When Napa Valley-based chef and event planner Amy Edelen moved into a former water tower, she had to think carefully about configuring her new home, as the bucolic three-story structure has sloping walls that get steadily narrower at the upper levels.
Amy, who loves to entertain, says she decided on a custom table to fit the space because "I wanted the maximum number of people around a table, and this sits a dozen comfortably." The total cost? Under $500 for the materials plus the handyman's time. Better still, Amy says, "The table has changed my life. I have had more dinner parties in the last two months since I made the table than I did in my old home where I was for five years."
Photography by Mimi Giboin for Remodelista.
Above: "I bought cabinet-grade plywood from Home Depot," Amy says. "It's the most expensive kind of plywood because it has no grain and no knots. It comes in a 4-by-8-foot sheet, and I had it cut down to 6 by 4 feet to fit the space." The wrap-around white banquette was also custom-built to fit the space.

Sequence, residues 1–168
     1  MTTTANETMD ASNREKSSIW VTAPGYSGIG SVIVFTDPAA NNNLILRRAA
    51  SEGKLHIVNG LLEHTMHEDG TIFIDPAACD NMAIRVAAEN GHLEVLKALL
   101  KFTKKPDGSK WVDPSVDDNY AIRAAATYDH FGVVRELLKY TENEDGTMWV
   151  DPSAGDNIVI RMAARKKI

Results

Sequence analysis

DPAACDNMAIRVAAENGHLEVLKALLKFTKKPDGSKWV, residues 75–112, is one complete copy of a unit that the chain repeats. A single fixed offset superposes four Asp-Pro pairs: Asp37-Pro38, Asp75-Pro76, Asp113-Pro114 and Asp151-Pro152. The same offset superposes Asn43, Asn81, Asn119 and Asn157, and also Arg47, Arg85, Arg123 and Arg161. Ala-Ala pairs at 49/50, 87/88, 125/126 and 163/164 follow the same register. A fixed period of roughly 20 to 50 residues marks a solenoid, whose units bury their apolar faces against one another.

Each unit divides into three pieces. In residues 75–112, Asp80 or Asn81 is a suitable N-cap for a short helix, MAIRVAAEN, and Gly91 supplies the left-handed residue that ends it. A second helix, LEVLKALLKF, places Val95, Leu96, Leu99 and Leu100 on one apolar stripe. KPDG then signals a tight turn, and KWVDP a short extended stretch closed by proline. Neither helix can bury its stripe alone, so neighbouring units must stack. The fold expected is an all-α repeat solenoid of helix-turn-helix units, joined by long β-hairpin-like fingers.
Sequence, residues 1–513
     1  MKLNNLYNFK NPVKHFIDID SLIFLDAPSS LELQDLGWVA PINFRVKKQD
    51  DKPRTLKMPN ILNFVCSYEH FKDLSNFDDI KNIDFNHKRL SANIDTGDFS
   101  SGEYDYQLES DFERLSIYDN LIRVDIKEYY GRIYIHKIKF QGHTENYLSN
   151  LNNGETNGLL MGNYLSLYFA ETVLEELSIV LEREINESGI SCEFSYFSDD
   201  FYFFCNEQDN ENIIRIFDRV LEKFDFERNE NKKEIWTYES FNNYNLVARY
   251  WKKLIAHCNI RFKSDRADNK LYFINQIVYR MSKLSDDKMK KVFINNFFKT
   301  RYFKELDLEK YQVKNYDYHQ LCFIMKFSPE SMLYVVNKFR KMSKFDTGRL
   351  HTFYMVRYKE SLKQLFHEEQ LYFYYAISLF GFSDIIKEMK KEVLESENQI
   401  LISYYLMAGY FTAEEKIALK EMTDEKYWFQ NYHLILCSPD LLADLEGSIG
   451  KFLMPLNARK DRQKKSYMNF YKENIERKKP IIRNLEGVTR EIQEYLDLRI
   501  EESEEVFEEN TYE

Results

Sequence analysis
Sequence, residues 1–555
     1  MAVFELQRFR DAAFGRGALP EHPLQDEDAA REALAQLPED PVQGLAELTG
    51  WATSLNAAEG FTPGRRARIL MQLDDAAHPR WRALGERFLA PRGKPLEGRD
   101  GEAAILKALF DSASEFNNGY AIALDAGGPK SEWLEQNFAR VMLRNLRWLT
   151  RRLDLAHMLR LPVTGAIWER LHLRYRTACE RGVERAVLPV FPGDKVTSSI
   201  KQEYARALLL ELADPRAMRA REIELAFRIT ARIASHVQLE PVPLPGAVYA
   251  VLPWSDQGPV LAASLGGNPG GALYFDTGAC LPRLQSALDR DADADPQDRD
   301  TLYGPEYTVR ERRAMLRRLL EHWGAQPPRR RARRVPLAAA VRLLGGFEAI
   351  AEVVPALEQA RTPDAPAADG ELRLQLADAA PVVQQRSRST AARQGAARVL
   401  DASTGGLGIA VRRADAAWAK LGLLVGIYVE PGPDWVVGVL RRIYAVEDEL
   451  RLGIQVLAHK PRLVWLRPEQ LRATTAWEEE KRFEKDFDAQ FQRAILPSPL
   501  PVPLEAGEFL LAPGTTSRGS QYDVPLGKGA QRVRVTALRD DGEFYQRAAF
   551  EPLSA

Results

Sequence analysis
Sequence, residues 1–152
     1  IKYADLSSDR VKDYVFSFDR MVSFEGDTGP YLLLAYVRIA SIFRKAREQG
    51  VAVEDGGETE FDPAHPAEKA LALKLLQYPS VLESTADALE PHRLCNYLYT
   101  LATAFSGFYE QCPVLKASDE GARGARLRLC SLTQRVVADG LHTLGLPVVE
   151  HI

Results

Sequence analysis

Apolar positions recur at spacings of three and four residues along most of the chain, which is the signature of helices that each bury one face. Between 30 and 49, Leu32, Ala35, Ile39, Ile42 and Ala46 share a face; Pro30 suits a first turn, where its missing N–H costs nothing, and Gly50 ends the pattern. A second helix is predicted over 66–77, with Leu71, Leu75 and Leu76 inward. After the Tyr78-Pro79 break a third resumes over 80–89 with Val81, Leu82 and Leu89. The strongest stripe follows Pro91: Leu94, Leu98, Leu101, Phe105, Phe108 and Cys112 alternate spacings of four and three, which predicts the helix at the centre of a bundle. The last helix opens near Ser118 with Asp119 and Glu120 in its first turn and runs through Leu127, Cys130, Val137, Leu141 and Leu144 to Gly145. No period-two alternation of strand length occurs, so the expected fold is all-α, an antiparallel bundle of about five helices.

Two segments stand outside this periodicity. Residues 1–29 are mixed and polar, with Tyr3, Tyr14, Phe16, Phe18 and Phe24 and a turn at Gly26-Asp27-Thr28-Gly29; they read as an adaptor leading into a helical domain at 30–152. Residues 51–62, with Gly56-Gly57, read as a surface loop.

Above: The 1-inch-thick plywood has a 2-inch trim around the edge; the deeper trim makes the table look thicker and more substantial. Amy's handyman used 92 screws to put it together, each puttied over to give it a clean look.
Above: On the topic of color, Amy says, "I was thinking of painting the table gray, anything that wouldn't make it look like plywood. Then I happened upon a sample of Ruby Red Paint from Benjamin Moore, a poppy shade that just jumped off the wall when I was looking at colors." The sheen is courtesy of a coat of resin: "I had used resin before and liked the way it made color pop. When you apply it, you pour two compounds together and the mixture bubbles up on the surface. You have to blow on it to get the bubbles to disappear. I tried using a hair dryer, but blowing is better. You need to do this in the first 30 minutes. The resin levels off, but as it drops down the side you need to use one of those paint stirring sticks to clean the edges as the resin drips off. This stage takes around four hours." Amy sourced the resin from TAP Plastics.
Above: Amy covered the table in three coats of Ruby Red Paint from Benjamin Moore and then finished it with resin. The strip of black on the base of the legs is electrical tape that Amy added to see if a touch of black enamel would look good. "I like the way it separates the table from the floor," she says. "The tape might just stay if I never actually get around to painting the legs."
N.B.: This post is an update; the original story ran on March 14, 2013 as part of our Do-It-Yourself issue.